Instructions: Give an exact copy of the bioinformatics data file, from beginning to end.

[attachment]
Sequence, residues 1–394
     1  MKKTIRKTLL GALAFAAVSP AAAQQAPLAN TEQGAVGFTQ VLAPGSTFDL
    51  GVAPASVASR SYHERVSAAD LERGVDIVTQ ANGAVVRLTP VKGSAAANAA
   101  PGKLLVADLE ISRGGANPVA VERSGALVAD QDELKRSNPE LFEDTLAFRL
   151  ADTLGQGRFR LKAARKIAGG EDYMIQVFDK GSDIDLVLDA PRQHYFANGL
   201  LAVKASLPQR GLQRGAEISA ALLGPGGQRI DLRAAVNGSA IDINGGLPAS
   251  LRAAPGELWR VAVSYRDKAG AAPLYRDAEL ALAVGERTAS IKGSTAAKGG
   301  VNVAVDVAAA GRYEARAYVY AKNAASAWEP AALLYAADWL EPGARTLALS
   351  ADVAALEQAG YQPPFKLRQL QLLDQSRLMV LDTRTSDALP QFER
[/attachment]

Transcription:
Sequence, residues 1–394
     1  MKKTIRKTLL GALAFAAVSP AAAQQAPLAN TEQGAVGFTQ VLAPGSTFDL
    51  GVAPASVASR SYHERVSAAD LERGVDIVTQ ANGAVVRLTP VKGSAAANAA
   101  PGKLLVADLE ISRGGANPVA VERSGALVAD QDELKRSNPE LFEDTLAFRL
   151  ADTLGQGRFR LKAARKIAGG EDYMIQVFDK GSDIDLVLDA PRQHYFANGL
   201  LAVKASLPQR GLQRGAEISA ALLGPGGQRI DLRAAVNGSA IDINGGLPAS
   251  LRAAPGELWR VAVSYRDKAG AAPLYRDAEL ALAVGERTAS IKGSTAAKGG
   301  VNVAVDVAAA GRYEARAYVY AKNAASAWEP AALLYAADWL EPGARTLALS
   351  ADVAALEQAG YQPPFKLRQL QLLDQSRLMV LDTRTSDALP QFER